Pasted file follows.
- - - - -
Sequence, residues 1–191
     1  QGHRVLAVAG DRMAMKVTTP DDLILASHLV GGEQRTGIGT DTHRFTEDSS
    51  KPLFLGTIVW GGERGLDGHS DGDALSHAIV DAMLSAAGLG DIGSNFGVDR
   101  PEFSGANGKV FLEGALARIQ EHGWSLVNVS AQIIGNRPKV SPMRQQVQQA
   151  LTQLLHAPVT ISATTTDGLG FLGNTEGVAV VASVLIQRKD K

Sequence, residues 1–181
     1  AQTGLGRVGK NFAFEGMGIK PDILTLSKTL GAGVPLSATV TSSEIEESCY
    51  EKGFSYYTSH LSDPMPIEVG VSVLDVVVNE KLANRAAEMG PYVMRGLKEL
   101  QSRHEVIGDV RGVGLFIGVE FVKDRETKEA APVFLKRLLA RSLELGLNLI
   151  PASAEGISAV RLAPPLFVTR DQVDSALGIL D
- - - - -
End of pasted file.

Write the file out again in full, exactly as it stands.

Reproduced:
Sequence, residues 1–191
     1  QGHRVLAVAG DRMAMKVTTP DDLILASHLV GGEQRTGIGT DTHRFTEDSS
    51  KPLFLGTIVW GGERGLDGHS DGDALSHAIV DAMLSAAGLG DIGSNFGVDR
   101  PEFSGANGKV FLEGALARIQ EHGWSLVNVS AQIIGNRPKV SPMRQQVQQA
   151  LTQLLHAPVT ISATTTDGLG FLGNTEGVAV VASVLIQRKD K

Sequence, residues 1–181
     1  AQTGLGRVGK NFAFEGMGIK PDILTLSKTL GAGVPLSATV TSSEIEESCY
    51  EKGFSYYTSH LSDPMPIEVG VSVLDVVVNE KLANRAAEMG PYVMRGLKEL
   101  QSRHEVIGDV RGVGLFIGVE FVKDRETKEA APVFLKRLLA RSLELGLNLI
   151  PASAEGISAV RLAPPLFVTR DQVDSALGIL D